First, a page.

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A. and B. and C.


A. DELL, Sir, I suppose you

have been hearing the Sermon to which you wou'd

have carry'd me. I have but very

little Curiosity that way, and ain content with our Parish-Minister.

B. I was charm'd with my Preacher. You had a great loss, Sir, in not hearing him. I have hir'da Pew, that I may not miss one of his Lent-Sermons. O! he's


a won.

a wonderful Man. If you did but once hear hiin, you cou'd never bear any other.

A. If it be so, I'm resolv'd never to hear him. I wou'd not have any One Preacher give ine a distaste of all Others; on the contrary, I fou'd chuse one that will give me such a Relish and Respect for the Word of God, as may dispose me the more to hear it preach'd every wherê. But since I have lost so much by not hearing this fine Discourse you are so pleas'd with, you may inake up part of that loss, if you'll be so kind as to communicate to us what you remember of it.

B. I shou'd only mangle the Serinon, by endeavouring to repeat any part of it. There were an hundred Beauties in it that one cannot recollect, and which none but the. Preacher himself cou'd display -

A. Well; but let us at least know something of his Design, his Proofs, his Doctrine, and the chief Truths he enlarg’d

Do you reineinber nothing? Was you uriattentive?

B. Far from it : I never listen'd with inore Attention and Pleasure. C. What is the Matter then? Do

you want to be intreated?

B. No: but the Preachers Thoughts were so refin'd, and depended so inuch on the Turn and Delicacy of his Expressions, 3



that tho' they charm'd ine while I heard thein, they cannot be easily recollected; and tho' one cou'd remember them, if they be express’d in other words, they wou'd not seem to be the same Thoughts ; but lose all their Grace and Force.

A. Surely, Sir, these Beauties must be very fading, if they vanish thus


the Touch, and will not bear a Review: I shou'd be much better pleas'd with a Discourse which has more Body in it, and less Spirit; that things might inake a deeper Impression on the Mind, and be more easily remember'd. What is the End of speaking, but to persuade People, and to instruct them in such Truths as they can retain? C. Now you liave begun, Sir, I hope

goon with this useful Subject. A. I wish I cou'd prevail with you, Sir, to give us some general Notion of the elegant Harangue you heard.

B. Since you are so very urgent, I'll tell you what I can recolleět of it. The Text was this, I have eaten ashes like Pfal, cij. 9. bread. Now cou'd any one inake a happier choice of a Text for Ash-Wednesday ! He shew'd us that, according to this Pasfage, Ashes ought this Day to be the Food of our Souls : Then in his Preamble he ingeniously interwove the Story of Artemefia, with regard to her Husband's

B 2


you will

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Ashes. His ☆ Tranfition to his Ave
Maria was very artful; and his Division
was extreamly ingenious: you shall judge
of it. “ Tho'this Duft (faid he) be a

Sign of Repentance, it is a Principle of

Felicity : Tho'it seems to humble us,
“ it is really a Source of Glory : And
" tho'it represents Death, it is a Remedy
" that gives immortal Life.”. He turn'd
this Division various ways, and every
time he gave it a new Lustre by his Anti-
theses. The rest of his Discourfe was not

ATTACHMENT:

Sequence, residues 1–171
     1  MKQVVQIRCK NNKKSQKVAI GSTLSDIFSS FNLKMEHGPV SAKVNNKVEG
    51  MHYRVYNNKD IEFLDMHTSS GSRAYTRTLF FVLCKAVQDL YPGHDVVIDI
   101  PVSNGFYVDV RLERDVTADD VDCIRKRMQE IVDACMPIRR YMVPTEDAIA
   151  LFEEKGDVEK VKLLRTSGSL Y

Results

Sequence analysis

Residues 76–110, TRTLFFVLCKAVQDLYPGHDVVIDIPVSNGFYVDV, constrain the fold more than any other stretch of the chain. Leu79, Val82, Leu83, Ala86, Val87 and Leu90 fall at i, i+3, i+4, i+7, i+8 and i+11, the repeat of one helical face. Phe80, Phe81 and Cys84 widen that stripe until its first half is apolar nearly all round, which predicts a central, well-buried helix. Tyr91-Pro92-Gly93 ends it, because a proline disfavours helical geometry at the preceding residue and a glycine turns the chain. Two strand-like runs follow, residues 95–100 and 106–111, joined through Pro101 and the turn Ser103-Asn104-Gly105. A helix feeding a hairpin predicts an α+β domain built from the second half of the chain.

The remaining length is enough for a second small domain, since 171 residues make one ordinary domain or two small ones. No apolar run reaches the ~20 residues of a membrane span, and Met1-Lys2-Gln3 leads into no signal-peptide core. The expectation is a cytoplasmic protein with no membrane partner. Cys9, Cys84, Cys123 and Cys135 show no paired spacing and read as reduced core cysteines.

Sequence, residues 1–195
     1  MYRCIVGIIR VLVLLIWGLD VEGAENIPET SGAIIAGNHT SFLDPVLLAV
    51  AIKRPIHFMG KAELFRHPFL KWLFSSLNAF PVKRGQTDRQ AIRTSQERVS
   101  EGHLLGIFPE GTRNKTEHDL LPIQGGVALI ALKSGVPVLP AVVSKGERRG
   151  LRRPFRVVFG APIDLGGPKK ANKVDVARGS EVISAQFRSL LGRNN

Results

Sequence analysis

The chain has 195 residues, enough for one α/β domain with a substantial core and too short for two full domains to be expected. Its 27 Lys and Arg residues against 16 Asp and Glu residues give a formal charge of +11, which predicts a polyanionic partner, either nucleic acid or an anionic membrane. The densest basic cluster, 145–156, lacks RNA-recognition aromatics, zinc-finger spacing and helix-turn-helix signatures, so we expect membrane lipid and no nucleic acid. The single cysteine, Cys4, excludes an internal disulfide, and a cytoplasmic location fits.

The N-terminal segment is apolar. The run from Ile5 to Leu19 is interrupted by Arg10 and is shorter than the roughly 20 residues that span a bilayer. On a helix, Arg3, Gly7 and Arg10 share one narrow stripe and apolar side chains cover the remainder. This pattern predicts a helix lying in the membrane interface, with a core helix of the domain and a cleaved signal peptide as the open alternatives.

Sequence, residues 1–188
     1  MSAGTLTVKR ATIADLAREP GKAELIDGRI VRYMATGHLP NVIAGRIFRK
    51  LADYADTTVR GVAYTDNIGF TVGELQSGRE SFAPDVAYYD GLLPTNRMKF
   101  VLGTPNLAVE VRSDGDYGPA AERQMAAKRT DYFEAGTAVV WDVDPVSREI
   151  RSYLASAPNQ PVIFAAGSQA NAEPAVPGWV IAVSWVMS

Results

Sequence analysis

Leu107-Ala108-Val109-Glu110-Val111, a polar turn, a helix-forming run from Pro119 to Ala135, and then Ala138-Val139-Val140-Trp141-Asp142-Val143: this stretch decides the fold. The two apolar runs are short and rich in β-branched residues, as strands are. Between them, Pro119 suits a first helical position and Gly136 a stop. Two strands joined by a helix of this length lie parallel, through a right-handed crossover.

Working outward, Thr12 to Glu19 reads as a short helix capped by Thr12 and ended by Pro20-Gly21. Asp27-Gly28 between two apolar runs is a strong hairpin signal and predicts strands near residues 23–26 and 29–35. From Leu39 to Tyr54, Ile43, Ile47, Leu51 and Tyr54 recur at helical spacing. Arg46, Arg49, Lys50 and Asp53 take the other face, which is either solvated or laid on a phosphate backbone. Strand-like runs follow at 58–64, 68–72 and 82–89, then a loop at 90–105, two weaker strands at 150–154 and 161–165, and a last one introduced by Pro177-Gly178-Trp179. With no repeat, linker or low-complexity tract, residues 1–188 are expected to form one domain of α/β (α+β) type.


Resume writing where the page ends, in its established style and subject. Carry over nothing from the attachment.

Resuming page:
less bright and elegant ; the Language
was polite ; the Thoughts new; the Pe-
riods were harmonious; and each of them
concluded with some surprizing Turn.

gave such just Characters of common
Life, that his Hearers found their various
Pictures faithfully drawn: and his exact
Anatomy of all the Passions equald the


* The Romilh Preachers, in the Preamble of their Sermons, address themselves to the Virgin Mary; and are ofttimes very artful in their Transition to it, as our Author observes. We have a remarkable Example of this in one of the greatest French Orators, M. L'ESPRIT FLECHIËR, Bishop of Nismes, who seems to be oftner than once alluded to in these Dialogues. In his Panegyrick on S. JOSEPH he introduces his Ave Maria thus, ---- Every thing seems to concur to the Glory of my Subject; the Holy Spirit, Jesus Chrift, and Mary, are concern'd in it; why may I not hope for the Assistance of one of them, the 'Grace of the other, and the Intercessions of the Virgin ; to whom we will address ourselves in those words that the Angel said to hei, and which S. Joseph no doubt often repeated ; Hail ! Mary, o'. Panegyriques, Vol. I. p.71.

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Maxims of the Great ROCHEFOUCAULD,
In short, I think it was a Master-Piece,
But, Sir, I shall be glad to know your 0-
pinion of it.

A. I'ın unwilling to tell you iny Thoughts, or to lessen yöur Esteein, of it, We ought to reverence the Word of God; to improve ourselves by all the Truths that a Preacher explains; and avoid a critical Humour, lest we should lessen the Authority of the Sacred Function.

B. You have nothing to fear, Sir, at present. It is not out of Curiosity that I alk your Opinion; but because I wou'd have clear Notions of it; and such solid Instru&ions as may not only satisfy myself, but be of use to others : for you know my Profession obliges me to preach. Give us your Thoughts therefore, without any reserve; and don't be afraid either of contradicting, or offending me.

A. Since you will have it so, I must obey your Commands. To be free then; I conclude, from your own Account of this Sermon, that it was a very sorry one,

B. Why fo?

A. Why; can a Sermon in which the Scripture is fallly apply'd; a Scrap of prophane History is told after a dry childish manner;

and a vain Affectation of Wit

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